Meanwhile, President Ramotar at his press conference prior to the meeting of the select committee said “I told the opposition parties this morning that we have a bill that we know that we are told that is in compliance with the standard with the CFATF (Caribbean Financial Action Task Force) and FATF (Financial Action Task Force). I said to them let us pass this bill so we can put our country beyond problems and jeopardy that exist and the consequences that can come from being blacklisted. I reiterated my readiness to establish the joint committee to look at the bills that I have not assented to.”

He charged that APNU and the AFC were dealing with “blackmail-type politics” and that he could not just assent to the four outstanding bills which he knew to be unconstitutional. Ramotar stated that the opposition had the majority in parliament and they could bring back motions to the house for further amendments to the AML/CFT bill. He added that “I am giving my public commitment that I will sign that.  I will assent to the bill.” A large number of motions have been approved by the opposition in this parliament but have been ignored by the government.

Ramotar stated that APNU and the AFC had an obligation to allow the passage of the AML/CFT bill. He stated that with the AFC he was ready to work towards establishing the PPC but that the government’s no-objection power on state contracts  must be preserved.

When asked by Stabroek News if the government was considering the proposals made by the AFC to remove the government’s no-objection clause and instead allow the government to act in the capacity of stakeholder,  he stated that that was not possible. Ramotar noted that if the government had to accept supreme responsibility and answer to questions in relation to contracts being awarded unjustly, then it was the government who would need the final say.

He said that the AFC had “sprung” their proposals earlier yesterday on the government. However the AFC had published these proposals since last week.

The Attorney General, Anil Nandlall, noted that “we are planning to go to the parliament to pass the bill we have said to the AFC that we are prepared to give you the procurement commission for tomorrow.”

He then clarified this and said “We are prepared to do everything that can be done between today and tomorrow, all things being equal so that you can have the procurement commission as far as possible, that which can be accomplished by tomorrow morning.”


Deaf ears


The attorney general’s promises, along with the president’s, will likely fall on deaf ears as Leader of the AFC, Khemraj Ramjattan told Stabroek News that this was no longer the time for promises but action. Yesterday, after the adjournment of the special select committee, Ramjattan stated that for twelve years the PPC has not been established and that the president giving his word meant very little.

Ramjattan stated that the AFC’s and the APNU’s decision to hold a common line with the government stemmed from their recognition that each party would need the other to get more accomplished in the national assembly in the future.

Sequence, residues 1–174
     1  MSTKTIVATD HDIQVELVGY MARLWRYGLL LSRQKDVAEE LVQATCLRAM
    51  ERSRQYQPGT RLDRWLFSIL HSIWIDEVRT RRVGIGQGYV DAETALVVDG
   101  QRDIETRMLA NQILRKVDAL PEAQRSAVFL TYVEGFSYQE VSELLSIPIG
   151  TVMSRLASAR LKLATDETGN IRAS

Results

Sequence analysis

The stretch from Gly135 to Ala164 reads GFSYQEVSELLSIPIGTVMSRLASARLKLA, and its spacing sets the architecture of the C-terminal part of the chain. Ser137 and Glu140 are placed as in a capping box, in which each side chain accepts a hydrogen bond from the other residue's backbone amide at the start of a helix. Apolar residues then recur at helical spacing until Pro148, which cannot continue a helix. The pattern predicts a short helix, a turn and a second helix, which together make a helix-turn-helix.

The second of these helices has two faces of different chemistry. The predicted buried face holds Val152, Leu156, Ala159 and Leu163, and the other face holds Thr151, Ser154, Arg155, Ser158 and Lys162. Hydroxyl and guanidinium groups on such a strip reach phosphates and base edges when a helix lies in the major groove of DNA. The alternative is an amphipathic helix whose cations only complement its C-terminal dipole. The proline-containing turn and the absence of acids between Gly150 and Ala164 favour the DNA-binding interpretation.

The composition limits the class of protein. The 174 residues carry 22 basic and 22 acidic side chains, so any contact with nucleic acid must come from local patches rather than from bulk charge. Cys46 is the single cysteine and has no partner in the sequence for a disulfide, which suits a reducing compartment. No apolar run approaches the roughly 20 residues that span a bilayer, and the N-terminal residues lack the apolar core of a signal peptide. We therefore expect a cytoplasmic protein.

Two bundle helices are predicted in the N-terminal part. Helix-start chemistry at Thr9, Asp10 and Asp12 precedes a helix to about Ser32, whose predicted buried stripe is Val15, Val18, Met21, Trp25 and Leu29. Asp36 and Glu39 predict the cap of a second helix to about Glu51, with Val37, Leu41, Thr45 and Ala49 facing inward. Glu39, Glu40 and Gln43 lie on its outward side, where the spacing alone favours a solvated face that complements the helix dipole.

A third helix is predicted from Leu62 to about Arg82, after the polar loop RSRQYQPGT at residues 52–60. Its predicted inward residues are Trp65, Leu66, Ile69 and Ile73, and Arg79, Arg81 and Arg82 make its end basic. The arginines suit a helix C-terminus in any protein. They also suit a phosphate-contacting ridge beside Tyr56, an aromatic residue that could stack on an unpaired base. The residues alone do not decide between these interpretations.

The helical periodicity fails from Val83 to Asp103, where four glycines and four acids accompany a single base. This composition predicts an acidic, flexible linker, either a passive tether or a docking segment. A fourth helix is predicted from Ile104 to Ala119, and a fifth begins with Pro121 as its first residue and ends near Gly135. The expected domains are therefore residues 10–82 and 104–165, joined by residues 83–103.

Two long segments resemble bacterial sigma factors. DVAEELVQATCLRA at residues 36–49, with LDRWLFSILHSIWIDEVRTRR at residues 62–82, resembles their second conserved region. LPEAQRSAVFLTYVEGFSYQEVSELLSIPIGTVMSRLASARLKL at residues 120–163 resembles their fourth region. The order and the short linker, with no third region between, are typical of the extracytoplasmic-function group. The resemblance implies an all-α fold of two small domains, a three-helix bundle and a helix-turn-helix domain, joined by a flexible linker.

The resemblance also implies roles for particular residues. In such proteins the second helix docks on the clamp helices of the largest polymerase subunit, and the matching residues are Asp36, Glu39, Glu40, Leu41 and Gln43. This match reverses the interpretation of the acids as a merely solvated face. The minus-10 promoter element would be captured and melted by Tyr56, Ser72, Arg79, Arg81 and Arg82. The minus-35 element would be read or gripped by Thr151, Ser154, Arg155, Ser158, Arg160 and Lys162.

During his press conference, Ramotar pronounced that he was not aware of any country within the Caribbean region that has had successful prosecutions of anti-money launderers.

“The whole region is deficient as far as implementation is concerned”, he said.

He called for a comparative analysis of other countries within the region.  Nandlall stated that APNU’s proposed amendments could potentially change the compliant model.

He stated that the amendments could potentially change the structure of the Financial Intelligence Unit. He noted that that “you’re changing the model of the FIU if you change the model of the FIU then you are interfering with and then you are liable to be in contravention of foundational principals of the FIU, for example autonomy, independence, conflict of interest…”

The attorney general continued that corrupting the FIU model could interfere with the political process and that violations of CFATF guidelines could mean further ramifications with the drafting of the proposals.

Nandlall stated that Guyana’s weakness  was  not in implementing the legislative component of the CFATF requirements but in the non-legislative enforcement policies.      He stated that with the establishment of a National Task Force, the government was working to connect all relevant institutions.

He continued that the guidelines have already been established and that the CFATF would be pleased with the enforcement regulations implemented during the next round of reviews by the CFATF and ultimately the FATF.

Financial Advisor to the CFATF Roger Hernandez had previously told Stabroek News that enforcement of legislation was ultimately the most important aspect in fighting money launderers. He noted that while Guyana was currently on the public sanctions list only if Guyana showcased real improvement in enforcement of legislation would Guyana be moved from the list.

Guyana was given a deadline of February 28, 2014  to pass the bill or face continued public sanctions regionally by the CFATF. The CFATF blacklisting was applied in November last year and the next step could see more stringent repercussions. A series of other deadlines has been missed by Guyana.

The Private Sector Commission has been imploring the two sides to reach an agreement soon.